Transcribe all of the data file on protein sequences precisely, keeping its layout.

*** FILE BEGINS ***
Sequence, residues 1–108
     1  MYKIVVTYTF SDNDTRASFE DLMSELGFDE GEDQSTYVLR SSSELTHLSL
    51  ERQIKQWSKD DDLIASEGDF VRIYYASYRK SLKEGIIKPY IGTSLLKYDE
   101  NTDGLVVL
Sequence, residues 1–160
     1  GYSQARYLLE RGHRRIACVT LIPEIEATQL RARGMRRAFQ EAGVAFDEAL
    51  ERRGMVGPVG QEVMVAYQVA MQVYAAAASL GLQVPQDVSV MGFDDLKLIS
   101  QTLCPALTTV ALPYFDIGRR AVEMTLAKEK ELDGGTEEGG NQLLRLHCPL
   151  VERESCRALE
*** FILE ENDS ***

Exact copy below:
Sequence, residues 1–108
     1  MYKIVVTYTF SDNDTRASFE DLMSELGFDE GEDQSTYVLR SSSELTHLSL
    51  ERQIKQWSKD DDLIASEGDF VRIYYASYRK SLKEGIIKPY IGTSLLKYDE
   101  NTDGLVVL
Sequence, residues 1–160
     1  GYSQARYLLE RGHRRIACVT LIPEIEATQL RARGMRRAFQ EAGVAFDEAL
    51  ERRGMVGPVG QEVMVAYQVA MQVYAAAASL GLQVPQDVSV MGFDDLKLIS
   101  QTLCPALTTV ALPYFDIGRR AVEMTLAKEK ELDGGTEEGG NQLLRLHCPL
   151  VERESCRALE